What is alcohol withdrawal, what are the symptoms, and how can it be treated? Alcohol withdrawal syndrome refers to the symptoms that may occur when someone drinking on a regular basis suddenly stops drinking. If you need alcohol for your body to feel normal, then you likely need help to stop.
Alcohol has a depressive effect on your system. Over time, the nervous system and the brain adjust to these depressing effects and compensate by releasing more stimulating chemicals than it does when you are not drinking.
When alcohol consumption is stopped or significantly reduced, the brain continues producing these extra chemicals, potentially causing unpleasant withdrawal symptoms that are associated with overstimulation. Eventually, the brain readjusts after a few days, but in the meantime, withdrawal symptoms may appear.
Your body begins to detoxify or cleanse itself, of the alcohol within hours of your last drink. The process of detoxification is different for everyone, but there are some common symptoms that most people experience.
Your body is working hard to rid itself of the alcohol, and this can lead to a number of uncomfortable withdrawal symptoms.
Withdrawal symptoms can be both physical and mental, and they can range from mild to severe. The severity of your symptoms will depend on a number of factors, including how much and how often you drank before quitting, your age, your overall health, and whether you have any underlying medical conditions.
Short-acting opioid withdrawals are usually initiated within eight to 24 hours of the last usage and last a maximum of four to 10 days.
There are three primary stages of alcohol withdrawal syndrome: the first few hours after your last drink, when symptoms are mild; the period 12 to 48 hours after your last drink, when symptoms peak; and the period 48 hours or more after your last drink, when symptoms begin to subside.
The first stage of withdrawal also called the “prodromal” or “obsessive-compulsive” stage, usually lasts for eight to 12 hours. During this time, you may experience mild symptoms such as anxiety, agitation, irritability, fatigue, sweating, and nausea.
The second stage of withdrawal is when symptoms peak. This typically occurs 24 to 48 hours after your last drink and can include more severe symptoms such as confusion, hallucinations, seizures, and fever.
The third stage of withdrawal is the “resolution” stage, which begins 48 hours or more after your last drink. During this time, your symptoms will begin to subside, and you may start to feel better. However, some people may experience lingering symptoms, such as anxiety and depression, for weeks or even months after they stop drinking.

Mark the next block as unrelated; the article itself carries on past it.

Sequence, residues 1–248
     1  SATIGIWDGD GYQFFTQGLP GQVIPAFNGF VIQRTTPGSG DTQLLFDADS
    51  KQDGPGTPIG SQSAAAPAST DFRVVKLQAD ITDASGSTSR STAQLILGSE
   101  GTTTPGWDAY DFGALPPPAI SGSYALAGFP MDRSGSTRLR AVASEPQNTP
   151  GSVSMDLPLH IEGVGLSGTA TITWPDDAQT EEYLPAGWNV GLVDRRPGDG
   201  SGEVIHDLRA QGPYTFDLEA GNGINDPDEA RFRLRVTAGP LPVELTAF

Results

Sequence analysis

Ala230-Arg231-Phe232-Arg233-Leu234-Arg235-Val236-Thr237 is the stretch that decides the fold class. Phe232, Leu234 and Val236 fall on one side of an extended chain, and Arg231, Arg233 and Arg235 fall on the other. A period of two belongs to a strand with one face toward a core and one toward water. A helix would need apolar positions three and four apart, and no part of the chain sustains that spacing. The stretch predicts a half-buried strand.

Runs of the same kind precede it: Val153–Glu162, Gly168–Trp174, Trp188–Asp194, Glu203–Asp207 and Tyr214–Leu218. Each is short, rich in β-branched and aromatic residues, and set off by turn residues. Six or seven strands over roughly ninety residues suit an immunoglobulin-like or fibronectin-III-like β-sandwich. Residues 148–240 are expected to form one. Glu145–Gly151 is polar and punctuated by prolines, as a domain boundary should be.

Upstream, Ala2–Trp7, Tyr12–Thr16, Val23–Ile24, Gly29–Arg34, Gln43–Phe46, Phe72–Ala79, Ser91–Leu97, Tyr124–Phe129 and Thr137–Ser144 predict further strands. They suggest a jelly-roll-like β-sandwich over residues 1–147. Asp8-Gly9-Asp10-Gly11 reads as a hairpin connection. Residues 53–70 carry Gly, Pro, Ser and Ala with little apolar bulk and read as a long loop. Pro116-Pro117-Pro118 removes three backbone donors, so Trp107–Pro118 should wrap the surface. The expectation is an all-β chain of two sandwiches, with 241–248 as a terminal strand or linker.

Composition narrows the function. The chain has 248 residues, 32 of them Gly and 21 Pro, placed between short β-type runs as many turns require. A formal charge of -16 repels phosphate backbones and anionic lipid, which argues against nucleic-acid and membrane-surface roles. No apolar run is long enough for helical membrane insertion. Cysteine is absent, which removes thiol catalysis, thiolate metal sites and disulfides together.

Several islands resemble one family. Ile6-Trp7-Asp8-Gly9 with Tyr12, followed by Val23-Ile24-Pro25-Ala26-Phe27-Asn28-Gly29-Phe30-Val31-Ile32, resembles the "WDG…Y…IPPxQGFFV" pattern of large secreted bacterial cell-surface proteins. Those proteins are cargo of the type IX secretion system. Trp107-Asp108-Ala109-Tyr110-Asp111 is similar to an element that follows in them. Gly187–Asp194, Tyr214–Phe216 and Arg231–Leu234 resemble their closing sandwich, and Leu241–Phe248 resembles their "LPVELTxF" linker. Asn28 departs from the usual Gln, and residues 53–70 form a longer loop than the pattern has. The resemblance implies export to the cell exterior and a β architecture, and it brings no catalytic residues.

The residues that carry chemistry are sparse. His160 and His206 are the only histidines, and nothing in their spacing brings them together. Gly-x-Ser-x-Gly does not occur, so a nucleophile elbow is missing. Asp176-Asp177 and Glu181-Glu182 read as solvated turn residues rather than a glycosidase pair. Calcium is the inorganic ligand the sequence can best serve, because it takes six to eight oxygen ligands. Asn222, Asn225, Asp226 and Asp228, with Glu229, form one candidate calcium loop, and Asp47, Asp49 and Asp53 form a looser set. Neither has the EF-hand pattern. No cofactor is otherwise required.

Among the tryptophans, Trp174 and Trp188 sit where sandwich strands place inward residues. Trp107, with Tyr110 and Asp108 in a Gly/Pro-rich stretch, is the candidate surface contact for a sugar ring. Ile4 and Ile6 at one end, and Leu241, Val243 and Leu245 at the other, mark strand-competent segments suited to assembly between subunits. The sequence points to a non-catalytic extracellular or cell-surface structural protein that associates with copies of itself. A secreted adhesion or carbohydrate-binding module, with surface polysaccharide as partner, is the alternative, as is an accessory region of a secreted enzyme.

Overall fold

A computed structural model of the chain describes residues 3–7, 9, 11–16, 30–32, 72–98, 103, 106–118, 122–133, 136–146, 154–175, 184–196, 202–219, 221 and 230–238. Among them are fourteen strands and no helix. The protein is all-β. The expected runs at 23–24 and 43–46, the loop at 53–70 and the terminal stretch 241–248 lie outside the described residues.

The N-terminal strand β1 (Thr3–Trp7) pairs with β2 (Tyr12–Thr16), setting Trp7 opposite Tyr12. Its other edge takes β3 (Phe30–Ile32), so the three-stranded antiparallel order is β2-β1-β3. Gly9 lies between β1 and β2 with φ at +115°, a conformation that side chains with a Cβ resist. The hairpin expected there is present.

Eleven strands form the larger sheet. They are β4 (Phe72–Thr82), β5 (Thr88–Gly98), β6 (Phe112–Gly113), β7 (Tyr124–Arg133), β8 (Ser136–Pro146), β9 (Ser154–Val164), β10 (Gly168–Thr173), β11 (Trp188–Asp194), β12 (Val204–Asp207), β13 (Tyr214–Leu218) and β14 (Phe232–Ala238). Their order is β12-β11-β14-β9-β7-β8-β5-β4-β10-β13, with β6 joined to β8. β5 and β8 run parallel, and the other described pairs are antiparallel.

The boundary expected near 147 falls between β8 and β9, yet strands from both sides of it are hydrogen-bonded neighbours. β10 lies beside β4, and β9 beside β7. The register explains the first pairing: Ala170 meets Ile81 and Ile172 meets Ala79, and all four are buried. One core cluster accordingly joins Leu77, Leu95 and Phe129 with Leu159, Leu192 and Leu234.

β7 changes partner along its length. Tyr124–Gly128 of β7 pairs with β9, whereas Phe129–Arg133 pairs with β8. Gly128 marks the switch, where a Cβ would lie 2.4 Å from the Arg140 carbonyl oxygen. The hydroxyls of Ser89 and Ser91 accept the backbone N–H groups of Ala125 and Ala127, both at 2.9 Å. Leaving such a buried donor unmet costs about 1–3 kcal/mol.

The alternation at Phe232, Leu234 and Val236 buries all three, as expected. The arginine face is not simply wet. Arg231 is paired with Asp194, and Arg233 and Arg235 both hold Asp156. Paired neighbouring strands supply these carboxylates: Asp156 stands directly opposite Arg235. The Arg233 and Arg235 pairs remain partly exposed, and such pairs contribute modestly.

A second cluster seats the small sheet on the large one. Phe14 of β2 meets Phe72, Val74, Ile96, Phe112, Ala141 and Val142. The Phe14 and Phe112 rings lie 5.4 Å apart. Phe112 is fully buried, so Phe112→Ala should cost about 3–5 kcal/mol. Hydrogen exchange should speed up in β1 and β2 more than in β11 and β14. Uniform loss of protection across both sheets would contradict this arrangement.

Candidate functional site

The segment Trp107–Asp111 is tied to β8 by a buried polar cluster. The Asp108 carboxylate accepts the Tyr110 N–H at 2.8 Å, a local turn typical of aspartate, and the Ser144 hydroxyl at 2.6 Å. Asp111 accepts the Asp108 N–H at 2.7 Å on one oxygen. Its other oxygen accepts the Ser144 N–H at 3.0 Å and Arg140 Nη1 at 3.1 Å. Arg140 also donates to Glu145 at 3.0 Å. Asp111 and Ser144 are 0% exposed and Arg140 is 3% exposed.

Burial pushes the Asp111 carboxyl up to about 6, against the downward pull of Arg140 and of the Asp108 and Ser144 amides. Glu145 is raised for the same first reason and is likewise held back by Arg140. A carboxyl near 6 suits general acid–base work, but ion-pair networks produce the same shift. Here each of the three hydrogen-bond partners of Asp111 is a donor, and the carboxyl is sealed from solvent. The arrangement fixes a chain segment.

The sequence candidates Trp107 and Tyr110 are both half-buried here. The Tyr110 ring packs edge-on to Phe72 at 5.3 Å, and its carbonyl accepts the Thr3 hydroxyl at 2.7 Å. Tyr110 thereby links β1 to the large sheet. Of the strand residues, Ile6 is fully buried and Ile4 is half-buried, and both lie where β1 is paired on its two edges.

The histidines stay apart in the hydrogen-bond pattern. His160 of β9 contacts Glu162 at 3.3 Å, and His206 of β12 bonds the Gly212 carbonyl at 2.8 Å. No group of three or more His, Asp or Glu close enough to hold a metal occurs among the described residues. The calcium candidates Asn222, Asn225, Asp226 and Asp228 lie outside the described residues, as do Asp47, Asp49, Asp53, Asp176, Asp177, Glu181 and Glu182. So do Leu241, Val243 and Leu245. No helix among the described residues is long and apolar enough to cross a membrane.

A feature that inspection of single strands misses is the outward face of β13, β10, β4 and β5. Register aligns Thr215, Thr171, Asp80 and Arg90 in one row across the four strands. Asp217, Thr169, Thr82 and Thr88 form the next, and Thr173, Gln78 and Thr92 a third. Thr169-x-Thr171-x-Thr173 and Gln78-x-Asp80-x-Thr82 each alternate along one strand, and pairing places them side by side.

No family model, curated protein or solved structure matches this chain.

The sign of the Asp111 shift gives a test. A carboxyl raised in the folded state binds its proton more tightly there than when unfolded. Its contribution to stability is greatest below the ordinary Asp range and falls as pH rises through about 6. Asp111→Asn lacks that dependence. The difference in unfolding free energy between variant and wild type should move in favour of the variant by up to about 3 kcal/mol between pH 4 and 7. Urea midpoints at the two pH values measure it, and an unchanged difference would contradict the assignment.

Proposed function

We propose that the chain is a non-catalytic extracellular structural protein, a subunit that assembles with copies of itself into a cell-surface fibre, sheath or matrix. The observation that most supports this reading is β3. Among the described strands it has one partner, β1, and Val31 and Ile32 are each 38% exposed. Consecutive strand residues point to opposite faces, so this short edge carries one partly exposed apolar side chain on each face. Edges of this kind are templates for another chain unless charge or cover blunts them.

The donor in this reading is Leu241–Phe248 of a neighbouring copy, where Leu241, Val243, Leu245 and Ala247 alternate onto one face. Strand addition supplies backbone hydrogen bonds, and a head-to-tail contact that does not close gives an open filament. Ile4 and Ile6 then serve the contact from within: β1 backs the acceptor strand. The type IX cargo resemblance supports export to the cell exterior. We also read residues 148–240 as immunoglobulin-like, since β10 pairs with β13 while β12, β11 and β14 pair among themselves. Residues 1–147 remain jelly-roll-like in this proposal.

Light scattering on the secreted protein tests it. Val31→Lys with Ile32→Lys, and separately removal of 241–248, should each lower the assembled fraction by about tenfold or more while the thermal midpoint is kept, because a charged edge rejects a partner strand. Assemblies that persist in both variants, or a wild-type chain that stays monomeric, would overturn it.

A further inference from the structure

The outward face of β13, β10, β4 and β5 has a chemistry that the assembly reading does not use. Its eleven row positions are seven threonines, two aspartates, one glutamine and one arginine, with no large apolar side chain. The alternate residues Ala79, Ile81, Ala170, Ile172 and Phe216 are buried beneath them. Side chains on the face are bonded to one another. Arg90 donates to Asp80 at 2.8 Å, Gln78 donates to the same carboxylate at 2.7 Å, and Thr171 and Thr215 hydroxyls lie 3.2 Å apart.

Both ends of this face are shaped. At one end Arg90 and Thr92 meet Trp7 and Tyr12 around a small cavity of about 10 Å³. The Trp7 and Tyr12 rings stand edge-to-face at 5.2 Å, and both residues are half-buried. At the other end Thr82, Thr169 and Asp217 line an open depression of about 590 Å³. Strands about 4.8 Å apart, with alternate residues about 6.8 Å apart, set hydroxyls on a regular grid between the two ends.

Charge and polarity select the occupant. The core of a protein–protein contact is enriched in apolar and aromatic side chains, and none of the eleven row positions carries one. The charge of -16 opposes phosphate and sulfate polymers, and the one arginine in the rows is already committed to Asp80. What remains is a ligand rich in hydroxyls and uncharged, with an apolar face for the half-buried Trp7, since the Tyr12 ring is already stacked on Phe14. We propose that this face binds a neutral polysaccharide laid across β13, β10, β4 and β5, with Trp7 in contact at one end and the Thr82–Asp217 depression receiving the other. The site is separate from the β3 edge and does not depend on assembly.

The symptoms of alcohol withdrawal may vary from person to person. Some people experience acute alcohol withdrawal symptoms, others may experience more severe withdrawal symptoms. Withdrawal can be life-threatening, so before you stop drinking, find professional support and look for a luxury rehab centre that’s adequate for your needs.
The symptoms are influenced by different factors including the drinking frequency, the amount consumed, length of time drinking, the consumption of other substances or drugs, physical condition, and mental health.
Symptoms can begin within a few hours to a day or two after your last drink. Alcohol-related physical complications related to the body and the central nervous system may occur in those who drink heavily.
Common symptoms you may experience when quitting drinking may include:
Delirium tremens is the most severe withdrawal, it happens rarely (between 3 to 5% of patients hospitalized for alcohol withdrawal syndrome). It usually begins about 3 days after the appearance of symptoms and lasts usually 2 or 3 days.
Delirium tremens symptoms:
Alcohol withdrawal for long-time or heavy drinkers should be closely supervised by a medical professional to ensure the individual’s safety during detox. Stop drinking suddenly is NOT recommended without medical supervision. If you go into delirium tremens without supervision, it could prove fatal.
In some cases, alcohol withdrawal requires medical treatment. With the proper medications, most symptoms can be greatly reduced or even eliminated.
If symptoms are mild to moderate, the withdrawal can be done at home, but it is important to have a relative or friend stay over to make sure things don’t get worse. Medical advice is essential until the person is stabilized completely.
Those who have a history of alcohol abuse, alcohol addiction, experience prolonged symptoms, or have severe alcohol dependence should consider addiction treatment and clinical management.
In cases of excessive alcohol intake where a medical emergency has occurred patients should seek immediate medical care and then addiction treatment, possibly including inpatient care and alcohol detox.
Alcohol withdrawal symptoms can begin within a few hours to a day or two after your last drink, they generally worsen over two to three days and all symptoms tend to decrease within 5 – 7 days.
Some milder symptoms like anxiety, trouble sleeping, or memory problems may persist for weeks in some people.
Detox alone is not treatment, but it is the first step in recovering from a substance abuse disorder. Once the physical symptoms are over it is time to care for your medical and mental condition. Our services include medical care from the first symptoms of withdrawal and a complete therapeutic approach to help you through the whole process of recovery treatment.
Our multidisciplinary team can offer you a safe start to a life free of alcohol. Let us take care of you and guide you through recovery in a luxurious and peaceful place. We will be happy to provide more information if you have any questions. Contact us for more information.